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Crown Duel (Sherwood Smith)

Meliara Astiar and her brother Branaric are the Countess and Count of Tlanth, a small, rural province of a not-very-large kingdom named Remalna, which is ruled by king who's a nasty piece of work. The siblings and their supporters start a guerilla revolution. They are hopelessly outnumbered but wilderness-crafty, and they cause the king considerable grief before Meliara ends up in one of her side's own booby traps, gets badly injured, and is captured by the Marquise of Shevraeth, known as a wealthy fop but a cool head in battle. She eventually escapes but is recaptured - and then discovers that her current captor has also decided to overthrow the king.

At the end of what was originally the first book (this was first published as two volumes), Mel and her brother are awarded a considerable part of the king's ill-gotten gains. As the second book opens, Mel has used these funds to reverse some of Tlanth's general dilapidation and is refusing all invitations to court in the capitol because she distrusts and despises courtiers. Branaric arrives from his own court sojourn with an irrefutable reason for Mel to accompany him back, and she is soon involved in a much more civilized form of warfare. Her actions in the war against the hated king have made her something of a folk heroine (which, as Diana Wynne Jones observes, is something very different from a hero), and various factions court her with the idea of using her as a tool. At the end, she find her place and her love.

I liked this - well enough that I plan to look for some more of the author's work - but I didn't love it. Head-shaky things happened for Important Plot Reasons, and I didn't get along with Mel - who is the first-person narrator - very well. She seemed to me to be a different person than various characters and she herself wanted me to believe she was. There are also stereotypes at work: Mel is in many ways a red-haired Spirited Princess straight out of Tough Guide to Fantasyland, for example, and bad people are much more likely to be overweight than good people are.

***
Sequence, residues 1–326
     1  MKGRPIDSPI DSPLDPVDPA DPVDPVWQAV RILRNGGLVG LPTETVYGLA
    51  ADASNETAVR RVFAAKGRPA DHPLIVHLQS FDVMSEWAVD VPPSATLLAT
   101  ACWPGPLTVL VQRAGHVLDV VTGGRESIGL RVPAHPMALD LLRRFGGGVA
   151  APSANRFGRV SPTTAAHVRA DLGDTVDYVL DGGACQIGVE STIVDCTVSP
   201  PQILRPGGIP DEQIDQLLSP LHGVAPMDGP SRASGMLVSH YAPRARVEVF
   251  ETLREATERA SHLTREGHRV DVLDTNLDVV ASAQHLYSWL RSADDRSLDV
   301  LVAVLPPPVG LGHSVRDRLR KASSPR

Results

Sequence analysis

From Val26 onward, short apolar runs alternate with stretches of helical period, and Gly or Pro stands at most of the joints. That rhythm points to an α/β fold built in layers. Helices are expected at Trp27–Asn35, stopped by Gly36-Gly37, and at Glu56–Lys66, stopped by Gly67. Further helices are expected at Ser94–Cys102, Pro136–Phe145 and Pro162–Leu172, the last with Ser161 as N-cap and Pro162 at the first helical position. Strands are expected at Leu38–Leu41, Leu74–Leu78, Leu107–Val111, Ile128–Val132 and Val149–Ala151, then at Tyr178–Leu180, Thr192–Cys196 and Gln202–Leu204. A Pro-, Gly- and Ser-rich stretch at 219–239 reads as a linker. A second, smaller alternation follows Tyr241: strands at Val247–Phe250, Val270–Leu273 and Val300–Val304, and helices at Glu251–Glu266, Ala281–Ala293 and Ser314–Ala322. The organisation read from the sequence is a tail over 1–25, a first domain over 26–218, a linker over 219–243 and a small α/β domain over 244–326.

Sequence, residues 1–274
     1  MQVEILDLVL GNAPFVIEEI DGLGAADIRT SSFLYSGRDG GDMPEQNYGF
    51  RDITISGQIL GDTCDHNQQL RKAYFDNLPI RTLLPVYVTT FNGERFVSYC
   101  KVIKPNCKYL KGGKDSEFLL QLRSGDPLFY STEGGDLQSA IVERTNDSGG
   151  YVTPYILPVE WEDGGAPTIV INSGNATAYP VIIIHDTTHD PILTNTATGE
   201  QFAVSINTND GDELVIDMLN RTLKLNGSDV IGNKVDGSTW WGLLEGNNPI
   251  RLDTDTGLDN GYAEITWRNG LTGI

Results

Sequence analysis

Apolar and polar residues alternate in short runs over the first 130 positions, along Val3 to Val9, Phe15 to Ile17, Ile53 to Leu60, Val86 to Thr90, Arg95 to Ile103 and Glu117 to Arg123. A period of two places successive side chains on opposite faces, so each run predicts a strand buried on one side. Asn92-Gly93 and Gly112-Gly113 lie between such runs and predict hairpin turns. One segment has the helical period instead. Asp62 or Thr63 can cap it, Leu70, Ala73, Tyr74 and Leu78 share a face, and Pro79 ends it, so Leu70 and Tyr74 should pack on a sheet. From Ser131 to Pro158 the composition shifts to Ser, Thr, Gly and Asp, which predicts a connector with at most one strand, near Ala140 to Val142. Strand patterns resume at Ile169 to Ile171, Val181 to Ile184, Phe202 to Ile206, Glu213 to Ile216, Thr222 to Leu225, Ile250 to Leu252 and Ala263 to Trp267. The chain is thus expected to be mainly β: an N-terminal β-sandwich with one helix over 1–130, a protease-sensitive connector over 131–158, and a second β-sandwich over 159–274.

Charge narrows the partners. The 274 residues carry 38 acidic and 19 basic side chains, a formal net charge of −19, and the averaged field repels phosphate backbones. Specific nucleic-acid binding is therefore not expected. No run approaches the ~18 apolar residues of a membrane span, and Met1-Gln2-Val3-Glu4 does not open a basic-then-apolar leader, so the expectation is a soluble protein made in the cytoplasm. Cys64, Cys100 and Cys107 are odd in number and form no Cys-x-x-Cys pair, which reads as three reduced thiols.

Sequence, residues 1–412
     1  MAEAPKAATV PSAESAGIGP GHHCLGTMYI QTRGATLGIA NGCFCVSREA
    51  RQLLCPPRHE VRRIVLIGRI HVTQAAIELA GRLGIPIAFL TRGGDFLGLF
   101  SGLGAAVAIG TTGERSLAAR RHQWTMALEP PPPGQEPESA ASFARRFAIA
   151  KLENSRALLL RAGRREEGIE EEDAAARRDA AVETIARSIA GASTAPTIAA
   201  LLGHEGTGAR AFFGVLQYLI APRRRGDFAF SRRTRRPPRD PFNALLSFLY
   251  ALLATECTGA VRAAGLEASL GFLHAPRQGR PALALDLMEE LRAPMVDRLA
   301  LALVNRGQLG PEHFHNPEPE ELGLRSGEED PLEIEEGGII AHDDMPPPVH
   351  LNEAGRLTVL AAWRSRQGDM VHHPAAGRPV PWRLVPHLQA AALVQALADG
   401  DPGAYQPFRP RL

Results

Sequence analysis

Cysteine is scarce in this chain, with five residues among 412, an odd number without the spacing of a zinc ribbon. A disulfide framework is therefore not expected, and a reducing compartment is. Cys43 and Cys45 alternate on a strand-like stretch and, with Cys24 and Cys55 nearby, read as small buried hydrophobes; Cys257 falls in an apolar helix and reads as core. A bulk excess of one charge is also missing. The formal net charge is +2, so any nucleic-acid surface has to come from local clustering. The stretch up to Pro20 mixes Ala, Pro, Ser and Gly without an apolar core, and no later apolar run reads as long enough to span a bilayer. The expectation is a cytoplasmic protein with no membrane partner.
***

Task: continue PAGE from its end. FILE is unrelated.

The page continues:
Crown Duel (review)

The story seemed to want me to believe that Mel was a straightforward, generous, loyal, egalitarian girl with a strong sense of honor. But she came across as a prickly person with easily wounded pride, and her reaction to having her pride bruised was to become angry. There's nothing wrong with that, but there was a dissonance with what was being presented about her. When Nimiar (Bran's noble fiancee) notes that although Bran doesn't care about what other people think, "You care - terribly," somehow I found myself squirming. Mel doesn't spend an awful lot of time wondering what anybody thinks of her, actually, unless they seem to be mocking her. Being conscious of your position relative to others isn't the same as caring what people think. And for a girl from a small rural place, Mel doesn't spend much time missing home or being awed once she gets to court.

Likewise, although she spends a little time fussing about how repetitious and tedious the duties of the servants at court must be, she never seems to make any effort to get to know any of them, Even her personal maid quickly becomes a mechanism who gets her in and out of finery quickly and knows how to handle a secret correspondence. Mel's confidantes at court are Nimiar and Shevraeth's old friend Elenet - both noblewomen. And Mel doesn't spend an awful lot of time missing her old friend and near-sister, common-born Oria (who's back in Tlanth), either